Church vs. State
On March 18, 1227, Honorius III died, and once again the College of Cardinals sought a swift replacement. The previous selection success led the cardinals to approach Ugo di Segni and two other cardinals, asking them to appoint a new pope. One of these men, Cardinal Conrad of Urach, was initially chosen, but refused to accept the post, fearing it would appear self-serving. On March 19, Ugo di Segni reluctantly accepted the papacy and took the name Gregory IX. He was over 80 years of age but enjoyed good health and a vigorous mind.
Soon, the pope's problems with Frederick II began to escalate. For seven years, Frederick had avoided his commitment to a crusade. Within days of Gregory's election, the new pope ordered Frederick to fulfill his obligation. On September 8, 1227, Frederick reluctantly set sail from Brindial. Within three days he turned back, saying he was seriously ill and that a companion was dying from an outbreak of the plague. On many previous occasions, Frederick had announced he was sailing to the East and then had postponed his departure for various reasons. Gregory no longer trusted the emperor, and he excommunicated him on September 20, 1227.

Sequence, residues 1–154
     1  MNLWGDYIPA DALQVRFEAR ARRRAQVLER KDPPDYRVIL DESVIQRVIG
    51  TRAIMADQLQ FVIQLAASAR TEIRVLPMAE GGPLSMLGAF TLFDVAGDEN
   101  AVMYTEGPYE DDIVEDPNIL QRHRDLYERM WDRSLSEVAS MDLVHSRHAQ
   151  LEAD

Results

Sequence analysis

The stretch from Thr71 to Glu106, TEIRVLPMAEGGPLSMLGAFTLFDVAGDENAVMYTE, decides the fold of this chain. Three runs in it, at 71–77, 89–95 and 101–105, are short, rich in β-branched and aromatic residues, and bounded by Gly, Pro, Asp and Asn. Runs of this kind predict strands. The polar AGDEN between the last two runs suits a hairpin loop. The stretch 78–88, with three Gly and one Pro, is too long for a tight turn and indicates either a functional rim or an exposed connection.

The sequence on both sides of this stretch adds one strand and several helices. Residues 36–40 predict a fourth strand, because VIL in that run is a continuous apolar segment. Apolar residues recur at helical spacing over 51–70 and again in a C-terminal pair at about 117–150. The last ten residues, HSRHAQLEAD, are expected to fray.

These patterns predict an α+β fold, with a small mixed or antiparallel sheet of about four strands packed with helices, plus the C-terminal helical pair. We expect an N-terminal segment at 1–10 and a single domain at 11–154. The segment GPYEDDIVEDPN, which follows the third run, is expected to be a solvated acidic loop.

The battle lines were now drawn. While Gregory wrote an encyclical to justify the excommunication, the emperor countered with a manifesto to the Christian princes condemning the actions of the pope. Frederick's manifesto was read publicly, and imperial colleagues stirred up an insurrection. When the pope published his encyclical in the basilica of St. Peter on March 23, 1228, he was publicly insulted and threatened by a mob. The pope fled, first to Viterbo and subsequently to Perugia.
Three months later, with the pope still in exile, Frederick mustered a small army and on June 28, 1228, embarked for the Holy Land. He asked the blessing of the pope, but Gregory refused, saying that an excommunicated emperor could not undertake a Holy War. The pope released the crusaders from their oath of allegiance to Frederick. But Frederick continued with his plans anyway. He conquered Cyrpus, but when he reached the Holy Land, he accepted the excommunication and his mission turned into a diplomatic one. Negotiating with the Sultan of Egypt for Jerusalem, he reached a treaty at Jaffa that resulted in the cities of Jerusalem, Nazareth and Bethlehem reverting to the Christians in exchange for the Mosque of Omar remaining with the Muslims. The following year Frederick crowned himself King of Jerusalem. Gregory denounced Frederick's treaty and sent a papal army to invade the emperor's kingdom in Sicily. Frederick II returned from the Holy Land, defeated the papal army, and made new peace overtures.